Materials: 17-4 & 303 Stainless Steel, Hardware
Processes: 3D Scanning, Metal 3D Printing, 3D Scan Data Processing, Composite 3D Printing, Turning
Tools: Faro 3D Scanning Arm, Polyworks Scanning Software, Meshmixer Software, Meshlab Software, Solidworks, Fusion 360, Markforged Mark 2, Markforged Metal X System, Haas SL10
About: The goal of this project was to learn the workflow from scanning objects to 3D printing. While this might seem fairly straightforward, there were quite a few pitfalls that I ran into along the way. I chose to scan and print a copy of the Mitutoyo Micrometer Stand as it fit the build volume of the metal 3D printer I had access to and would provide a useful initial test.
Scanning: I scanned the three components separately using the Faro arm within the Polyworks software. With about an hour of instruction, I was able to get some extremely detailed point clouds of the objects. I merged multiple scans into one object within the software, allowing me to get several sides of the objects into one STL file. In retrospect, I would have spent more time getting a 100% complete and watertight scan in the first place.
Modeling: Here is where the hard part started. Once you have the STL from scanning, you almost always need to fix it. This entails filling gaps, removing errant polygons, smoothing certain sections and finally decimating the model. The biggest letdown of my workflow was the process of translating STL files, with massive numbers of polygons, to sketch-based design software (Solidworks / Fusion 360) as they do not operate well with huge polygon counts. This required the aforementioned decimation where the software removes polygons and creates larger faceting. I used Meshmixer primarily for fixing the STLs and Meshlab for decimation. Once decimated, I was able to bring the files into Fusion 360 and apply more precise surfaces like the interface of the threaded fasteners and the base. I also added small holes on the base to accept rubber feet.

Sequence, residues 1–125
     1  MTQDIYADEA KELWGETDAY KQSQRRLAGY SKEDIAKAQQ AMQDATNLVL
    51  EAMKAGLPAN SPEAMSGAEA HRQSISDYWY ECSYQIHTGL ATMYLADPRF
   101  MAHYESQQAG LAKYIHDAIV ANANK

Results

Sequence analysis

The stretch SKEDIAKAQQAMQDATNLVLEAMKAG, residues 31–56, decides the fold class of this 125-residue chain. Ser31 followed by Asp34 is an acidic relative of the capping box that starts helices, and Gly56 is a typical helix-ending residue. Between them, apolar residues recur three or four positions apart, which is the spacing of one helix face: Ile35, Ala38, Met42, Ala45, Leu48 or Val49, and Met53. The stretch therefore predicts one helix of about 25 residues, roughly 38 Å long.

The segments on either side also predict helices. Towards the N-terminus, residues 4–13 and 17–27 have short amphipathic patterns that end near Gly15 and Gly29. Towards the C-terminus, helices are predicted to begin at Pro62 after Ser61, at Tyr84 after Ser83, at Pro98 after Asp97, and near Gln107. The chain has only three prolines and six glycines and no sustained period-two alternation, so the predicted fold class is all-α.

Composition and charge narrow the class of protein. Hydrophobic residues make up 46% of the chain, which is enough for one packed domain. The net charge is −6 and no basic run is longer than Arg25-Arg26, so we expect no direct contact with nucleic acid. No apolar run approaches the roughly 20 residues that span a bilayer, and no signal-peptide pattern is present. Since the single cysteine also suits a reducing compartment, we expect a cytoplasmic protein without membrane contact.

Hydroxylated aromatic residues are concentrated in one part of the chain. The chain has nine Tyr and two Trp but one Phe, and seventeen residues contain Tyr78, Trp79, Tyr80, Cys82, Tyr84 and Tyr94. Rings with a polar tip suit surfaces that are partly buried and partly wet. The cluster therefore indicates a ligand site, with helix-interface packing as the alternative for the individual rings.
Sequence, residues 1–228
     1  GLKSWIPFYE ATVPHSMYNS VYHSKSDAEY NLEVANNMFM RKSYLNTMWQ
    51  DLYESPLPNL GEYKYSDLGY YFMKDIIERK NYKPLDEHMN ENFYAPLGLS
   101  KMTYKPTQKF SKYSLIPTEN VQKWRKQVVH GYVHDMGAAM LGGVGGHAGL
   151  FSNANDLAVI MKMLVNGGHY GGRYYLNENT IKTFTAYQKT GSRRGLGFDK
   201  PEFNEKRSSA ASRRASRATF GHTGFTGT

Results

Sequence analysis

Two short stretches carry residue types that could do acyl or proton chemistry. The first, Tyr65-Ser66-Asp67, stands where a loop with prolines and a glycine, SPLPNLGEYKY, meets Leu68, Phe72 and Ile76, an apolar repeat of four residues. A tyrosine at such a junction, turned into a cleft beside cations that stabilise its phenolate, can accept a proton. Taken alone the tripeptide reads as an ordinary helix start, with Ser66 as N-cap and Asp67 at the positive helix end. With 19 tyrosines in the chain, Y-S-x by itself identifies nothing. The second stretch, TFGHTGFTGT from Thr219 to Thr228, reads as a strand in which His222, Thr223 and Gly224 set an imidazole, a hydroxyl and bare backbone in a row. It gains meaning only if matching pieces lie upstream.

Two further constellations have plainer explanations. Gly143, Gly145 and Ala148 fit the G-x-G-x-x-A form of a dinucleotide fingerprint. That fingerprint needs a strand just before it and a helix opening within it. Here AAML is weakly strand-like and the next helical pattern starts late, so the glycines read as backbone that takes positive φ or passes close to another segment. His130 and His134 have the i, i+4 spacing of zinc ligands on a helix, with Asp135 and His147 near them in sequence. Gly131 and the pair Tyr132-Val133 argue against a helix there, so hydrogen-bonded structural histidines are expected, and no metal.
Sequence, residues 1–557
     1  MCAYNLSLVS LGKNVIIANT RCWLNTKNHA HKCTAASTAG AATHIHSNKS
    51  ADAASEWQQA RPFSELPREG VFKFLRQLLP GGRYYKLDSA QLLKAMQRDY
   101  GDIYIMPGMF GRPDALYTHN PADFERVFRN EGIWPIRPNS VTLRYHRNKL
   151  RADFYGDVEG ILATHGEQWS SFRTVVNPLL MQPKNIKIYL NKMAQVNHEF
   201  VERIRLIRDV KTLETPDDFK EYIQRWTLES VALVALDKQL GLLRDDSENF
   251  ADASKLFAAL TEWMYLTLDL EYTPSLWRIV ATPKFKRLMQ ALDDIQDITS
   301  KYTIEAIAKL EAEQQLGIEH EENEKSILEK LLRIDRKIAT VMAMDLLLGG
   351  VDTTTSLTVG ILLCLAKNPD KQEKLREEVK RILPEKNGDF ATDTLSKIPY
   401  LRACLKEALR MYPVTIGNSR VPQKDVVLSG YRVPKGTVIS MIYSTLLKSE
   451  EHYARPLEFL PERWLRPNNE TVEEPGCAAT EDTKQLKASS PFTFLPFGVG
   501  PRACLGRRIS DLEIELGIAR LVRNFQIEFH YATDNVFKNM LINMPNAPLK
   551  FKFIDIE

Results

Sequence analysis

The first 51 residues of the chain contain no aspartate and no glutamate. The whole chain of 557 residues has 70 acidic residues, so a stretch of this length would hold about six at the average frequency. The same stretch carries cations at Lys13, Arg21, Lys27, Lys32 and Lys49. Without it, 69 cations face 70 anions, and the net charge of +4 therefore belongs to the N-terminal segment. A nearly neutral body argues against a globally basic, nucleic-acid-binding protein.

I found that it was easier to model the two smaller clamp parts from scratch, using the scan as reference only. Some voids and pockets in the model made it difficult to fix, and the geometry was simple enough to model quickly.
Printing: The original stand, as manufactured by Mitutoyo, has a shelled out core to save on material and weight during casting. I found that trying to print a part, in its normal orientation with this shell, consumed more material, took longer, and was more prone to failure. Because the Markforged Metal X system can print internal infill structures, unlike DMLS, modeling and printing this with a flat base was much more efficient. This is a great example of a design for manufacture change between casting and 3D printing.
Machining: I turned the required hardware out of 303 and permanently Loctited them to some off-the-shelf knobs.
Conclusion: In the future, I would use scans only as reference material from which to model parts that require precision features. STL files from scans have far too many polygons to import into 3D modeling software like Solidworks or Fusion 360. In this case the result was visible faceting on the final product.